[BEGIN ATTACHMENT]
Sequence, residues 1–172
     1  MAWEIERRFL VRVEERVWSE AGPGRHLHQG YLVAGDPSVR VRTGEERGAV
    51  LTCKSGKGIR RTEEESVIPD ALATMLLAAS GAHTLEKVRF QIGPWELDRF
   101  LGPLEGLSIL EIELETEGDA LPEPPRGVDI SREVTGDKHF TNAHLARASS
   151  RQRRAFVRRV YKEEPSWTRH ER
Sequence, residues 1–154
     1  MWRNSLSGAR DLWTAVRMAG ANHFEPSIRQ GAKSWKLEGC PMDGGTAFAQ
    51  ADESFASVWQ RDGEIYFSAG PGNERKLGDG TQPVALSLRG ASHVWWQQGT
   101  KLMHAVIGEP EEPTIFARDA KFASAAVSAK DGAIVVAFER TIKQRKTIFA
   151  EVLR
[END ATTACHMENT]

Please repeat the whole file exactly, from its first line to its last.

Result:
Sequence, residues 1–172
     1  MAWEIERRFL VRVEERVWSE AGPGRHLHQG YLVAGDPSVR VRTGEERGAV
    51  LTCKSGKGIR RTEEESVIPD ALATMLLAAS GAHTLEKVRF QIGPWELDRF
   101  LGPLEGLSIL EIELETEGDA LPEPPRGVDI SREVTGDKHF TNAHLARASS
   151  RQRRAFVRRV YKEEPSWTRH ER
Sequence, residues 1–154
     1  MWRNSLSGAR DLWTAVRMAG ANHFEPSIRQ GAKSWKLEGC PMDGGTAFAQ
    51  ADESFASVWQ RDGEIYFSAG PGNERKLGDG TQPVALSLRG ASHVWWQQGT
   101  KLMHAVIGEP EEPTIFARDA KFASAAVSAK DGAIVVAFER TIKQRKTIFA
   151  EVLR